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Andrew Amrhein

Recently, I was reviewing this year’s progress with a long-time Summit Member. This year, his company will do approximately $2.5m in revenue. To get there, he is now managing Supervisors in the Field, Office, and Sales. He’s out of much of the day-to-day but is learning his own lessons in leadership. I’ve summarized below what he says he’s learned and implemented.

Stay informed, but stay out of people’s way. By far, he said, this has been the hardest aspect to implement. “I’ve got to let go or we’re not going to achieve our goals. I just can’t do it by myself; there are not enough hours in the day. As a result, I also have to let go of doing things my way. Now, I define the results that each role is responsible for and review it weekly.” Define the systems and outcomes you want your team to achieve, and then let them run with it.

Take the emotion out of it. Things will go wrong. “I’ve got to be the level-headed one,” he said. Help others manage their emotions, and manage your own, by saying things like, “Ok, let me think about it,” or “I’ll get back to you.” The point is, recognize when a decision is not needed immediately, which is most of the time.

Help prioritize. Basically, he said his role changed from “doing stuff,” to constantly checking in on “others who were doing stuff.” “At first, it felt like I was doing nothing meaningful; almost like I was the annoying guy looking into other people’s business.” But the new team needed help prioritizing and understanding their roles. That is, what they were and weren’t supposed to be doing. And what’s important now vs. what can wait until next week. “I never knew how important it is to say directly, ‘this is needed tomorrow,’ or ‘this is for next week.’ I took for granted they already knew when something wasn’t a priority. But they didn’t.”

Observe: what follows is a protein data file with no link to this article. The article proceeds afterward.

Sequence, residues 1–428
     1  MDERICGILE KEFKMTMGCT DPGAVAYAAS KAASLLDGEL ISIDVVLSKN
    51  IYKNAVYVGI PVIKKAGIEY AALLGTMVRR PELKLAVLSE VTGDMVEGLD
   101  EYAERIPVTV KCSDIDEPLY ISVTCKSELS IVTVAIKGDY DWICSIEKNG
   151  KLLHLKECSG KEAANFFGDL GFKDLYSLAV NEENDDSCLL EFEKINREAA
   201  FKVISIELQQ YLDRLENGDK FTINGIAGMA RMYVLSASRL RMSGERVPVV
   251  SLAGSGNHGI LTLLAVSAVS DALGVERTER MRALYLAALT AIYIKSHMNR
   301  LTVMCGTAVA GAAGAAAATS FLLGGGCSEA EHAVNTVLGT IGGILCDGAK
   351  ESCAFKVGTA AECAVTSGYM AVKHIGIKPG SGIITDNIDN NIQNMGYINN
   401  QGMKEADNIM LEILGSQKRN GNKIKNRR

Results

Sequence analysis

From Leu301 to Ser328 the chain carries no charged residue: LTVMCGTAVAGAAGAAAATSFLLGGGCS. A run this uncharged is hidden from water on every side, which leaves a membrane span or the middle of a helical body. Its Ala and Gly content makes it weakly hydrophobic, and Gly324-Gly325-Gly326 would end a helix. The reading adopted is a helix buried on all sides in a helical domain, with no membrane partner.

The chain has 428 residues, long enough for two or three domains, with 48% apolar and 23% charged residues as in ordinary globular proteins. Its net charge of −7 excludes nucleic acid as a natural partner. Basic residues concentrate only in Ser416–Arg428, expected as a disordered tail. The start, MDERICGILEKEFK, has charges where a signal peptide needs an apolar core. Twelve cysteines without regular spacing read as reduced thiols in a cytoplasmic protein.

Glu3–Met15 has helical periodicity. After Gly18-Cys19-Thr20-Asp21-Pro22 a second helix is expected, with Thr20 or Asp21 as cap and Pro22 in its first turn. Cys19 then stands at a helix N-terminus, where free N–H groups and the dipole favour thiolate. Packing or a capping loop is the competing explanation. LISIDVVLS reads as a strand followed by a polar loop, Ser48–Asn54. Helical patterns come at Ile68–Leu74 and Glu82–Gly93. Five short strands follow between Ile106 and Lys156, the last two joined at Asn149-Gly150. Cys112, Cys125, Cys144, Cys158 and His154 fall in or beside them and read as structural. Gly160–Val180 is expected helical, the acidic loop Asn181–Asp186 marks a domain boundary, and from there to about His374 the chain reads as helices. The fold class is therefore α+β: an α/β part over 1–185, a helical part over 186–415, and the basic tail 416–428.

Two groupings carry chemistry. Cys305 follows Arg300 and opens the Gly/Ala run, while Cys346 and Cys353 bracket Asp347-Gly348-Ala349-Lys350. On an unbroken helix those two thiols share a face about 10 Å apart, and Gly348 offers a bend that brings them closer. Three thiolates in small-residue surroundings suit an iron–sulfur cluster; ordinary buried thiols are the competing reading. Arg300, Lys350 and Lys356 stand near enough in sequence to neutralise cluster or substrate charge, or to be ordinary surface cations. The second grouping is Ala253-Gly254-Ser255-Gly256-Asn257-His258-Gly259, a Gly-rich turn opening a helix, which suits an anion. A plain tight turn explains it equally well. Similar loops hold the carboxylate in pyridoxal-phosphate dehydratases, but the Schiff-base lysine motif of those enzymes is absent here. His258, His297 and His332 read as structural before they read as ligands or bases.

Make an “Accountability Checklist”. Accomplish the above by listing what it is you want to hold your leaders accountable for. This is a list of all the outcomes you want. For example, updated receivables list by Wednesday; or next week’s jobs formalized by Thursday, etc. Each item got a check when done, no check if not. “They knew what I wanted to know, and they knew I was tracking it,” he said. This also helped the team prioritize.

After six months (much of which was, admittedly, baptism by fire) the team is performing. There are lots of lessons learned. He’s still learning how to let his team manage in their own style. Also, the systems may be more complicated than is necessary. The business owner has recognized that his way of doing things might not be the best way to go forward. Best of all, the team is on track to hit their goals and they are running the systems successfully. All the hard work has paid off.

What lessons or improvements have you implemented this year? Let us know in the comments below.

All the best!


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